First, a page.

Pam Bondi just won't leave gay marriage alone. Despite the growing consensus in the Sunshine State drifting toward marriage equality, the state's top law official now is asking the country's highest court to block same-sex-marriage next month -- the latest move in Bondi's campaign to keep Florida's gay population from tying the knot.
This time, she says its to avoid "statewide confusion."
Bondi's motion to the U.S. Supreme Court asks for an emergency stay to stop a recent federal court decision that ruled Florida's ban on same-sex marriages unconstitutional and left open the possibility for marriages to begin on January 6.
Bondi appealed that decision, but in December a three-panel federal appeals court upheld the lower court's decision. Now, the Attorney General is kicking up to the highest court in the land.
Bondi's motion on Monday asks the Supreme Court to intervene for the sake of clarity, or in the words of a release from her office, "maintain uniformity and order throughout Florida until final resolution of the numerous challenges to the voter-approved constitutional amendment on marriage."
Clerks of court in various counties throughout the state have looked to legal experts for guidance on how to proceed with issuing marriage licenses for gay couples. On July 1, Greenberg Traurig, which represents the Florida Association of Court Clerks, advised clerks that, according to their interpretation of the legal cases, only the parties in the lawsuits would be permitted to marry and divorce come January 6; the ruling wouldn't make it a free-for-all for all gay couples.
The Broward County clerk's office has said it is watching the legal maneuvers and will be ready for marriages to proceed as soon as they are legally viable.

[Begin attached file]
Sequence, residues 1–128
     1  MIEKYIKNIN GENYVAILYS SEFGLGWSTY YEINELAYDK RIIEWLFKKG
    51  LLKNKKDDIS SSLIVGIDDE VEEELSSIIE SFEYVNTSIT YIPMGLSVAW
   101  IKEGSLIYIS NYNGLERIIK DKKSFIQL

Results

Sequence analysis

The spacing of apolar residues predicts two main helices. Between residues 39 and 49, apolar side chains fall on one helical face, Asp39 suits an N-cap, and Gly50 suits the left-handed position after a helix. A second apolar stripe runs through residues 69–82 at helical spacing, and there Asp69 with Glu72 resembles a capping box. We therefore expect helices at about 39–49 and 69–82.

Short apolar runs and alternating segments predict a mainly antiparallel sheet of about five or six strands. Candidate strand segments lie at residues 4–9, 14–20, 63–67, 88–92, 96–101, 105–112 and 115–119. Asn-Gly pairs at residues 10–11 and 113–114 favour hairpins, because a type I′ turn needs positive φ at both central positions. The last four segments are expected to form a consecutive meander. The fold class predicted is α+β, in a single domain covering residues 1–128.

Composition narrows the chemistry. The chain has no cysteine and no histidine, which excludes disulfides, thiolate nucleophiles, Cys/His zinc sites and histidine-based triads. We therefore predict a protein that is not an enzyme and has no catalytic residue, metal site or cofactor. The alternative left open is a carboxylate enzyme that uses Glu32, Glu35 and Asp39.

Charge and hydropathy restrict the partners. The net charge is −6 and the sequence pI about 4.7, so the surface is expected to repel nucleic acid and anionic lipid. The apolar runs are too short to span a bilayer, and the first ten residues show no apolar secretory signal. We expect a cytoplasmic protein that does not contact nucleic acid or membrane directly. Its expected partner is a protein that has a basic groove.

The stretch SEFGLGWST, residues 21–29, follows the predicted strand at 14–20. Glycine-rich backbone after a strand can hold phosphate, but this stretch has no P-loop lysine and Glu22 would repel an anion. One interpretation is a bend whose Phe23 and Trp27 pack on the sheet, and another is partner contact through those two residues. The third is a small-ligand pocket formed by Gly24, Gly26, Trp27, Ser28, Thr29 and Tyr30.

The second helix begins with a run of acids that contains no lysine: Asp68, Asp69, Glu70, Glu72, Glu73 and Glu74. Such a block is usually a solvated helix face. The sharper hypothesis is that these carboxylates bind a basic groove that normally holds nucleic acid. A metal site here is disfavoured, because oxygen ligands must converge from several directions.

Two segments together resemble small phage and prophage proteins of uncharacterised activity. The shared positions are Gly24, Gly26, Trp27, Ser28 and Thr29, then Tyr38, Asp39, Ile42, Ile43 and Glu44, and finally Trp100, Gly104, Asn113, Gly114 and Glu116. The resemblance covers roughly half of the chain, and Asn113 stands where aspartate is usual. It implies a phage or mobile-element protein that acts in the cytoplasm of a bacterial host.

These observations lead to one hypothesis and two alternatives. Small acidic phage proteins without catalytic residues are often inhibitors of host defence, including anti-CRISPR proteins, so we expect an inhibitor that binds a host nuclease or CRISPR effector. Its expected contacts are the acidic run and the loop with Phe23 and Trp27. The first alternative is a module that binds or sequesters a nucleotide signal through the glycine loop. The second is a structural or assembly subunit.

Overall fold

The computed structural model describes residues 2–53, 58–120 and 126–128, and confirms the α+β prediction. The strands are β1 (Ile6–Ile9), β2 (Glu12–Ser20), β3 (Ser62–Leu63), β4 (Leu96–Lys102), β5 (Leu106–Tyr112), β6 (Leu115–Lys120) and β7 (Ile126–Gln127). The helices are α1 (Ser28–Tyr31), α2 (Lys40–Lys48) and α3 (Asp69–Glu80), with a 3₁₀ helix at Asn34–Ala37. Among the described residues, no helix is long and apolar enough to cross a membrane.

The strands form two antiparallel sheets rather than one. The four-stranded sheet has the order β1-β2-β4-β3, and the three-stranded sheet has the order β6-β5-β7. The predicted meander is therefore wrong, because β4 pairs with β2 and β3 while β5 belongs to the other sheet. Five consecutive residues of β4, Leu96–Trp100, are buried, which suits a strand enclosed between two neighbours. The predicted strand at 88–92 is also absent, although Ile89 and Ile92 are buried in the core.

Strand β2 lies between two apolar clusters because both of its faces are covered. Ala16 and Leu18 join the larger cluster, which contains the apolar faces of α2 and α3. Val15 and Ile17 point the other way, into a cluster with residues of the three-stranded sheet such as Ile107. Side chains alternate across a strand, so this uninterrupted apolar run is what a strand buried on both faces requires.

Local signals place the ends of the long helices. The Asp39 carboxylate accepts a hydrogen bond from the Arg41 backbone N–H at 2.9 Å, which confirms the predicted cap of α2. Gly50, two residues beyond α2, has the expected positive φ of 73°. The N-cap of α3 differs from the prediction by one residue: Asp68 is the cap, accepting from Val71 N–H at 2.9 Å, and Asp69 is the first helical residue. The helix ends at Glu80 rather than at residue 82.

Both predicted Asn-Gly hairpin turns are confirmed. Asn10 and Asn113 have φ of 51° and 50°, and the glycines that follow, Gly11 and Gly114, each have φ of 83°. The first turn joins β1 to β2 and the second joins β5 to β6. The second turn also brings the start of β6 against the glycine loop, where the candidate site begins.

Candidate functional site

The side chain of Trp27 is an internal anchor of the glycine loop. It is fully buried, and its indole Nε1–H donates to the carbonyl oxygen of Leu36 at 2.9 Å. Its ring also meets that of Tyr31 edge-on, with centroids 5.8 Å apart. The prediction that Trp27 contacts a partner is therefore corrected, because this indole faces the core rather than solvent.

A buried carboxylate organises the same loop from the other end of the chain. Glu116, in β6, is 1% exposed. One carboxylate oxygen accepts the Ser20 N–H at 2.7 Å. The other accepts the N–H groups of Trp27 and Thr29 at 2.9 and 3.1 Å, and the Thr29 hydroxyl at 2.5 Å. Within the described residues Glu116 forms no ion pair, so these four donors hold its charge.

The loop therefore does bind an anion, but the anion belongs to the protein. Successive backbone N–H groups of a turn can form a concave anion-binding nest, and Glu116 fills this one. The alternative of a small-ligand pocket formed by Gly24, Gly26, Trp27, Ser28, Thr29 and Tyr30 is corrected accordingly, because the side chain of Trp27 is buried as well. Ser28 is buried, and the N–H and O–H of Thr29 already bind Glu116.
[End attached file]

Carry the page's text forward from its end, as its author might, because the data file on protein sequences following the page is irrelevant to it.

The Attorney General's appeal to the higher court is probably just a last-ditch effort. All year, the U.S. Supreme Court has opted to stay out of the gay marriage issue. Kansas and South Carolina both asked the court to intervene so they could defend their gay marriage bans; the court shot down both requests.
Bondi has said her opposition to gay marriage is not personal and that she is protecting the ban on gay marriage because voters opted to include the ban as a constitutional amendment in 2008 and her job is to protect the voters' will.
"It is unsurprising, given how hard Governor Scott, his appointees, and Attorney General Bondi have fought to keep loving and committed couples from getting married and having their marriages recognized in Florida, that they would keep up this dead-end fight," the Florida ACLU's Daniel Tilley said late Monday in a press release.
"Since October, the Supreme Court has refused all requests to stay rulings striking down the exclusion of same-sex couples from marriage in other states. We are hopeful they will do the same here so that loving couples and their children can get the protections for which they have waited so long."
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